An ambitious public art installation

The Illuminated River

Lighting the historical and modern bridges along the River Thames
  • Awarded
  • Category
    Making towns work for everyone
  • Outcome

Proof of concept

The Illuminated River project

This award was given to the Illuminated River project, an ambitious public art installation that focuses on lighting the historical and modern bridges along the River Thames. The project aims to amplify the historic heart of London, treating its bridges as a single piece of public art.

When all phases are complete, the project will span up to 14 iconic and historical bridges along 4.5 nautical miles of the River Thames and will be viewed at least 90 million times every year.

The project will become the largest public art installation in the world, celebrating an often-overlooked part of London and celebrating the heritage and culture of the Thames. The project gives a new focus to the Thames, highlighting the importance of the river and its bridges as heritage assets.  It also supports the cultural and night-time economies by providing new opportunities for walking tours and for businesses to benefit from the increased footfall.

Key Facts

Occupancy rate in year one
90 million
It’s estimated that the project will be viewed at least 90 million times each year
Occupancy rate in year one
beneficiaries including 120 local primary school children and 20 volunteers
Occupancy rate in year one
iconic and historical bridges along 4.5 miles of the River Thames
London Bridge (Copyright Matthew Anderson)
Illuminated River (Copyright James Newton)

Shifting perceptions of the area

How and why did the project benefit the public?

Following the illumination of phase one of the project, the Illuminated River Foundation launched a Community Fund, supporting locally generated projects, events and activities that raise awareness of local history. The projects have reached over 400 beneficiaries including 120 local primary school children and 20 volunteers. A series of events have been specifically designed to target hard-to-reach and disadvantaged groups who may not otherwise access the Thames and its bridges.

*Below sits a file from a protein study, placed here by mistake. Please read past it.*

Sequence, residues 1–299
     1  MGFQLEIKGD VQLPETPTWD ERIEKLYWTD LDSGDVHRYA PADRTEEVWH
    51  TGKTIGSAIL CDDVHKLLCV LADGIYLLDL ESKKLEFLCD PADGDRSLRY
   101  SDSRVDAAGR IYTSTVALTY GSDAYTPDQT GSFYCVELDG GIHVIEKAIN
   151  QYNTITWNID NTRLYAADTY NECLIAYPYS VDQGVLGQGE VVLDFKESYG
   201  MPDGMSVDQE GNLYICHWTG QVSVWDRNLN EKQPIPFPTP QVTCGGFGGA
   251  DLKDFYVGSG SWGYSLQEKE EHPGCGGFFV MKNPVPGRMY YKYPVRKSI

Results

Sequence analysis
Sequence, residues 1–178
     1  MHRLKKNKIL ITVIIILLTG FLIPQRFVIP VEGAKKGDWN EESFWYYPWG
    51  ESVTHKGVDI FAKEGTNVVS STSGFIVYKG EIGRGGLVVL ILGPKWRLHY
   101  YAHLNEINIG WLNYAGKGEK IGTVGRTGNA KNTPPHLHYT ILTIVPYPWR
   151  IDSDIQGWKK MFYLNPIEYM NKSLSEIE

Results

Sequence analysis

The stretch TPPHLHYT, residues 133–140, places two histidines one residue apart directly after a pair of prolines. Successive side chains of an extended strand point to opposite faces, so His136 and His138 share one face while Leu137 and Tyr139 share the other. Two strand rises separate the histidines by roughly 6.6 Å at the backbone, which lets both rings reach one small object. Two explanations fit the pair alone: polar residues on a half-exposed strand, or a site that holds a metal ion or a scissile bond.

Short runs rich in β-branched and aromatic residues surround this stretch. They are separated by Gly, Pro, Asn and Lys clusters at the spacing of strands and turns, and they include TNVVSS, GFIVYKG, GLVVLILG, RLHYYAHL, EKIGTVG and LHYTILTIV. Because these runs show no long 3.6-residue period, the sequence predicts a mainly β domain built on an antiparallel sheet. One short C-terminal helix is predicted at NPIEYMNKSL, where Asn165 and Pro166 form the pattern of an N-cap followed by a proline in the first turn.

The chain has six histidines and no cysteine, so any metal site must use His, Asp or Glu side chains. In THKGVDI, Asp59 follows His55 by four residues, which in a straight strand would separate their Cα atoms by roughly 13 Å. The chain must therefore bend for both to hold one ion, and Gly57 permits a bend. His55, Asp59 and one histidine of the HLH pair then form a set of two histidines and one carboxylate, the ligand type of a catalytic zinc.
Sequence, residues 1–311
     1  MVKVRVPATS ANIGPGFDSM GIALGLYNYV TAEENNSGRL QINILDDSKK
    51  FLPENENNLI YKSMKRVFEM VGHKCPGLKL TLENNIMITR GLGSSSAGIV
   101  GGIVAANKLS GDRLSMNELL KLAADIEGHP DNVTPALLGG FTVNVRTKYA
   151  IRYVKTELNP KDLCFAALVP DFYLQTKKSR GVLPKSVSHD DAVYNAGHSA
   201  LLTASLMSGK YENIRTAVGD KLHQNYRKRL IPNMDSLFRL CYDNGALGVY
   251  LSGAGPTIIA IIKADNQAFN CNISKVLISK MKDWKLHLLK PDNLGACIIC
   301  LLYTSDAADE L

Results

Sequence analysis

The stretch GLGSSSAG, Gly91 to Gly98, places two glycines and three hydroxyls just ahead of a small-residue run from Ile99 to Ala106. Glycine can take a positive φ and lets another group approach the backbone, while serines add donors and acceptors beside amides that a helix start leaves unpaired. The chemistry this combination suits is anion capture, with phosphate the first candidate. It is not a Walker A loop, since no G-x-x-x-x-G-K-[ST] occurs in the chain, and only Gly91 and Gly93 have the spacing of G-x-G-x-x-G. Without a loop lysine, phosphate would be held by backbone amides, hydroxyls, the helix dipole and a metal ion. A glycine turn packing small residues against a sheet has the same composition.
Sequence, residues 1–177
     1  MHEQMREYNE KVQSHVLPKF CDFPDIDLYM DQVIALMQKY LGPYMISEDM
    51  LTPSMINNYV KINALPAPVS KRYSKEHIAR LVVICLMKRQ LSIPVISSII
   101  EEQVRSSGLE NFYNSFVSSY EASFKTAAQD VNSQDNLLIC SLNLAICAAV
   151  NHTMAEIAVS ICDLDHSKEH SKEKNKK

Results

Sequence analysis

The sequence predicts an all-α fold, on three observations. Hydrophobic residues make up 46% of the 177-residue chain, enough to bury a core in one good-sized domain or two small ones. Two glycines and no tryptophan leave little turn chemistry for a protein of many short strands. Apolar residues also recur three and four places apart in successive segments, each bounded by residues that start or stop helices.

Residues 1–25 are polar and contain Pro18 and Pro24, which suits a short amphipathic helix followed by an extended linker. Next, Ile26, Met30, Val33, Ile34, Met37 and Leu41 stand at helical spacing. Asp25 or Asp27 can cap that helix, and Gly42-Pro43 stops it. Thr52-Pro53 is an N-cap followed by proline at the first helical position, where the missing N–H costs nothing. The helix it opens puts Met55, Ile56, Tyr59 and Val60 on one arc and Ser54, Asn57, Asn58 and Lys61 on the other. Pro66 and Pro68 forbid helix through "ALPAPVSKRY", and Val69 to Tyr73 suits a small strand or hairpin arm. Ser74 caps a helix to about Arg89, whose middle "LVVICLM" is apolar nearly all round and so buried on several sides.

Economically, the project has a significant outreach. Two billion people will have viewed the artwork over the next ten years, supporting the cultural economy. There are dedicated walks and boat tours of the installation, generating an enhanced cultural focus and understanding of the river, delivering economic benefits by diversifying and supporting the night-time economy during the pandemic.

What were local planners looking to achieve on the project?

  • To engage with community projects to provide better access to and an understanding of the historical significance of The River Thames and the bridges that cross it.
  • To promote access to arts and culture for members of the community from disadvantaged backgrounds, irrespective of circumstance and gender.
  • To promote the need for clean and efficient energy.
  • To celebrate the different construction techniques of the individual bridges.
  • To deliver inclusive, safe and resilient public realm that can be enjoyed year-round for a number of social and economic activities.

Justifying the need

How were local planners essential to the project’s success?

This was a complex and intricate project spanning 7 London Boroughs and 15 bridges (many of which are listed). 14 of the bridges fall within two different planning authorities.

While there are statutory processes for schemes of this nature, the complexity of the task required individual applications to be made for each bridge. It was therefore vital to engage early in the process and share information equally between all 7 of the Boroughs involved.

Planners were key in building and maintaining a strong and open working relationship between authorities and coordinating information to discharge conditions and secure scheme amendments.

Planners were crucial in securing common wording across the bridges to align the necessary information for approval, working with councils to vary the wording in instances where there was duplication or conflict.

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